I then dashed to the meeting of Seabury’s self-study accreditation subcommittee, which went pretty much as I had anticipated: too much to do, too little time. Somewhat to my surprise, though, everyone present agreed that it would be worth trying to use a wiki for developing our shared documents between meetings. That seems eminently practical and sensible to me, so I hadn’t dared hope it would fly. Maybe it still won’t work out, but at least we got as far as implementing it.

Oh, and you won’t very often catch me siding with Starbuck’s about anything, much less Starbuck’s plus The Economist, and even less often agreeing with Starbuck’s and The Economist over against Oxfam. The other day, though, I came to this article (through Jordon’s contextless links) and I have to say, I think Oxfam is barking up the wrong tree. I’m not signing up to be a Starbuckisto, but of the alternatives sketched here I think the “appellation controlée” approach vastly more sensible than the “trademark a bean” approach.
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Accreditation Blues

I’m the chair of the subcommittee on Theological Curriculum and Degree Programs for Seabury’s decennial re-accrediation process. Right now, that means I’m trying to read the regulations, criteria, and standards without succumbing to a massive headache. I can’t express adequately how ill-suited I am to this task.

Excremental Semiotics

No, I’m not referring to the kind of theory that exasperates plain, sensible readers.

Most days, I walk Beatrice first thing, before I head off for morning chapel. We follow a very predictable path, which (I find) helps prompt her to accomplish the purpose for the promenade. When the time arrives for her to produce the material component of our morning exercise, she slows down and begins sniffing a particular patch of earth with even greater intensity than is usual for her. She circles several times, and frequently adjusts her position several times; I gather that the precise location of her deposit makes a big difference to her (it doesn’t seem to matter that I will, in a matter of seconds, scoop that ephemeral monument up in a plastic bag). Within the highly limited sense in which one can discuss any matter of cognition with regard to a dog who has fluff for brains, the location of her morning donation seems meaningful.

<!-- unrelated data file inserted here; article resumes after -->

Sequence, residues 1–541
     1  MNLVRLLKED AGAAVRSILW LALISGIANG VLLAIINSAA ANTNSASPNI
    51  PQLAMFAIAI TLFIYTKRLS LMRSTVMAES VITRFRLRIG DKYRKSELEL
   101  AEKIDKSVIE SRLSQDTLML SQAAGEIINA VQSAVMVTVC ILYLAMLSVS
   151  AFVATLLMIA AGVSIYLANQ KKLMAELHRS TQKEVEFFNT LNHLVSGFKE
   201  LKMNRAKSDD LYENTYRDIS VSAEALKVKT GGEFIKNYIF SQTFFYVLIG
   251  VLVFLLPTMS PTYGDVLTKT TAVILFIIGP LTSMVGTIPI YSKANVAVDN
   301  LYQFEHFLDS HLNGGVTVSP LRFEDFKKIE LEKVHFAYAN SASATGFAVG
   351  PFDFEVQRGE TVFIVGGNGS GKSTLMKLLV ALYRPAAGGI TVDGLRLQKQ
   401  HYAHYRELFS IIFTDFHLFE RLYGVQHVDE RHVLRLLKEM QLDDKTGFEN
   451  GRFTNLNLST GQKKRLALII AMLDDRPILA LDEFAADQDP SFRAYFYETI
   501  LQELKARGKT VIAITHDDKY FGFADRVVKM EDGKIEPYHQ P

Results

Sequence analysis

Now, if that premise be in any sense true, this seems to present a case in which the meaning truly is in the text. Her text constitutes as it were a natural sign of Bea’s existence and digestive activity (“Natural signs are those which, apart from any intention or desire of using them as signs, do yet lead to the knowledge of something else, as, for example, smoke when it indicates fire”; On Christian Doctrine II.i.2).

The reason I first started thinking about this topic involves the odd disjunction between the amount of effort that Bea devotes to the endeavor of finding exactly the right spot for her product, and the margin of error between her final sniffs and the ultimate location of her text. She made me think of the ardent but incompetent poet who agonizes over each syllable, but whose weak grasp of the language dooms the poem itself to failure.

On the other hand, the “meaning” in this interaction isn’t an ingredient of the text. Other dogs may infer Bea’s identity and salient characteristics on the basis of the textual deposit, but those remain inferences — not the extraction of a meaning-constituent within the text she leaves. An Animal Enforcement officer might construe her text as a “dog nuisance” punishable to the full extent of the law, but not based on any ingredient therein. To the extent that Bea has done something expressive, something meaningful, the expression and meaning depend on a system of instinctual (?) expectations and conventional interactions. Even considering this quite material example, I don’t see how we can ascribe intrinsic “meaning” to the text.